assistance projects were implemented in Latvia, - SCU network is so different by members, that at
providing support and training for staff, elected bodies this moment it was not possible to launch a uniting
95
Journal of Business Management, 2011, No.4 ISSN 1691-5348

and members of the SCUs Central SCU


- Poor SCU marketing
- There is rather slow growth in SCUs membership
and assets, SCUs are poor in growth-oriented planning
- SCUs are not fully self-sufficient and need to cut
costs because of low income, usually cuts affect
marketing, training and representation
- Low technical basis
- There was no possibility so far to introduce debit
and credit cards to SCUs member

Latvian SCUs have good opportunities to strengthen their positions and be involved in microfinance, as
also network has enough strength to be a serious player on financial market. Still broad political support is
needed to foster development of SCUs network all around the country. SCUs need to grow faster, plan
higher growth and become self-sufficient as soon as possible. In the authors opinion all mentioned threats
and weaknesses can be diminished if SCUs will get serious support from government, self-governments and
other uniting organisations, as also put their own efforts in pro-growth planning and marketing.

Results of SCU members survey


First time LACSCU evaluated income of SCU members in 2002. Results of the survey 2002 showed that
monthly net income per family member was very low. 64.1% respondents indicated monthly net income less
than 100 LVL per family member. 39.9% with monthly net income 50-70 LVL were already living at
poverty line. 30.9% members indicated monthly net income 101-300 LVL per family member, 1% showed
more than 301 LVL, 4% of respondents preferred not to indicate their income in the survey (LACSCU
survey 2002). Results of the authors survey conducted in July-December 2010 show that income level of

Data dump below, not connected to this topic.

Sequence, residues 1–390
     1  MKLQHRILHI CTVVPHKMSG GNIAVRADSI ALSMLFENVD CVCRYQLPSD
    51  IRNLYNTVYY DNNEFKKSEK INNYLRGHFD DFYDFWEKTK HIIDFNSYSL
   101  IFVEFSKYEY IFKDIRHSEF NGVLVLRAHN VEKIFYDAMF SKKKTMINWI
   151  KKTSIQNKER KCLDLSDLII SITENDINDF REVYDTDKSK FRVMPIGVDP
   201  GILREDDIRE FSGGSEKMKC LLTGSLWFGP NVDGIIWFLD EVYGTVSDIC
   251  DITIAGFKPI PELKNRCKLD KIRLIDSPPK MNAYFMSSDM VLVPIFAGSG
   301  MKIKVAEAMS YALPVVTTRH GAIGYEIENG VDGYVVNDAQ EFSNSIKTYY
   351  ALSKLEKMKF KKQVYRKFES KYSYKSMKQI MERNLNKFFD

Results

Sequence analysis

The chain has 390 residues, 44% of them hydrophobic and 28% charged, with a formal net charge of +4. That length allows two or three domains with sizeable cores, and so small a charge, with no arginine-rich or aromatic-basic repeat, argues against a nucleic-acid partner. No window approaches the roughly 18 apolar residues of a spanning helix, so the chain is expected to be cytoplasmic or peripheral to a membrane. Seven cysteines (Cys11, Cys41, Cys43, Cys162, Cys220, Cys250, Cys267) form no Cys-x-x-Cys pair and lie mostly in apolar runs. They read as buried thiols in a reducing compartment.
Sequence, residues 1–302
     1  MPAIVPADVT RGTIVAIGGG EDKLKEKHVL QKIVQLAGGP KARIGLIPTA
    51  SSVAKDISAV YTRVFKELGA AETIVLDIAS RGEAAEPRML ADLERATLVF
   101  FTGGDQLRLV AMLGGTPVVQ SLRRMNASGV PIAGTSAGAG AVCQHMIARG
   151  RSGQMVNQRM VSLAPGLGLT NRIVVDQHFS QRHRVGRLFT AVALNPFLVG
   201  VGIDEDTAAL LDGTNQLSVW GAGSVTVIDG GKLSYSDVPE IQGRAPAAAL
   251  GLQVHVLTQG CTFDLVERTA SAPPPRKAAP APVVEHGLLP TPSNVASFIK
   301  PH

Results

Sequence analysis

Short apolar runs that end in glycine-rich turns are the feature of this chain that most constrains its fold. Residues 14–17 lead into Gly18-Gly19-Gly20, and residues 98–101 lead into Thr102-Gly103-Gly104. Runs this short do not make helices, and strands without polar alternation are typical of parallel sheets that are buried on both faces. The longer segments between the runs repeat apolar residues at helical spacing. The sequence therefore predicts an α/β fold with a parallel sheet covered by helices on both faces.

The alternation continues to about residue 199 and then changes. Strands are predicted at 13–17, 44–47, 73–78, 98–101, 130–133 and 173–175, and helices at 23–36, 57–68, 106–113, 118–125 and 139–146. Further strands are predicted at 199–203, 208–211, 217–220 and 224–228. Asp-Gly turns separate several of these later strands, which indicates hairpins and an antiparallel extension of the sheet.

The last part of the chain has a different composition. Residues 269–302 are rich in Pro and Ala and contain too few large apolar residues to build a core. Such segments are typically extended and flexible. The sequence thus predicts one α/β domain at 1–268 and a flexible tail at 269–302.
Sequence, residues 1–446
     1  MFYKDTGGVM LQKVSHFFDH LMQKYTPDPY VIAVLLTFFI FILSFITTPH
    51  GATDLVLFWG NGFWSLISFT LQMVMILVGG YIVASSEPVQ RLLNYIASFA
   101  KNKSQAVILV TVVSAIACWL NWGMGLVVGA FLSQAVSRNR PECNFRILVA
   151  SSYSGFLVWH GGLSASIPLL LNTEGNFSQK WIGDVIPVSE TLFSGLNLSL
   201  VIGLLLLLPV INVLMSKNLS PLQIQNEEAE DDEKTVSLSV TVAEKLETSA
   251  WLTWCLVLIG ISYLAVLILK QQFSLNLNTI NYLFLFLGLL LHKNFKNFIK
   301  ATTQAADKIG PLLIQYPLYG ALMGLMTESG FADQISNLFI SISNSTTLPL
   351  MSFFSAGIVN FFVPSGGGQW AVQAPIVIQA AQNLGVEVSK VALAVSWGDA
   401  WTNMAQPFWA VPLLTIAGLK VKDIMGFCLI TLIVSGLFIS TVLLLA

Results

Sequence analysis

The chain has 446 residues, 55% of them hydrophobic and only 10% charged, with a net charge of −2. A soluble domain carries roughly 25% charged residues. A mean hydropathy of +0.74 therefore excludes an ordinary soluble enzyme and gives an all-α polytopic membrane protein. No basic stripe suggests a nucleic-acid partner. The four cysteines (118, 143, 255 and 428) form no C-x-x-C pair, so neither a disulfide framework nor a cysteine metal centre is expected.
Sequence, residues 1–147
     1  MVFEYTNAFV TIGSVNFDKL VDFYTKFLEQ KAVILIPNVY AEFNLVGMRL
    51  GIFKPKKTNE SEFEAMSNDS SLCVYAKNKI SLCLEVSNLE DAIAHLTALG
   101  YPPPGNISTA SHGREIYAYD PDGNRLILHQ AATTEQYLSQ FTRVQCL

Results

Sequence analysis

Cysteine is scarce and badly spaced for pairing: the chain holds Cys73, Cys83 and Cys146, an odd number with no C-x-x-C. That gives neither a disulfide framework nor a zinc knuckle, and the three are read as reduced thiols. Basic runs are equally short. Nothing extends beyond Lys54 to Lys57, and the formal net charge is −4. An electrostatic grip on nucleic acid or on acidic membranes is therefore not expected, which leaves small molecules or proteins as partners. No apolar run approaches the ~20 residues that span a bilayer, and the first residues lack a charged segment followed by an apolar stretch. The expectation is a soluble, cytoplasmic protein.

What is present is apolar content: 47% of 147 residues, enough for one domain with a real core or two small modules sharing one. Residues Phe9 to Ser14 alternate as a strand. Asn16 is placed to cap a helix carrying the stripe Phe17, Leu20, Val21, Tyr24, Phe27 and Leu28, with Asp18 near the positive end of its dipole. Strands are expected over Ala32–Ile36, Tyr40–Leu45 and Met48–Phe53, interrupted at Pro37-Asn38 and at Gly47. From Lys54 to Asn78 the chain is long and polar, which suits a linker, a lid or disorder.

SCU members is growing. In 2010 only 8% of respondent indicated monthly net income less that 100 LVL
per family member; 64% showed 101-300 LVL, 27% - more than 301 LVL, 1% did not answer the question.
Income level of SCU members is growing, but in comparison with 2002, costs of life became higher and still
these amounts are considered to be at the survival minimum level. SCUs were and are still serving people
with low income and can be treated as real microfinance institutions.
The results of Survey 2010 helped the author to get and understand the profile of SCU members and
main trends inside the SCU network. Families involved in SCU network are closely linked to their SCUs.
22% respondents have more than 1 SCU member in the family, at the same time 75% respondents are the
only SCU members in their families, and they use SCU services for the needs of the whole family. 11% of
respondents live alone, 33% live in families of two people, and 54% live in families of three and more
people. 32% respondents have children, 11% - pensioners, 47% are working people, 4% need to take care
about other family member. SCU first of all is associated with borrowing opportunities for 14% of
respondents, with savings opportunities for 2% of respondents, both borrowing and savings opportunities
for 17%, emergency help in hard time for 22%, 10% of respondents treat their SCU as their own bank, 7%
- as a members organisation, 1% is sure that SCU is a people-oriented organisation. 62% of respondents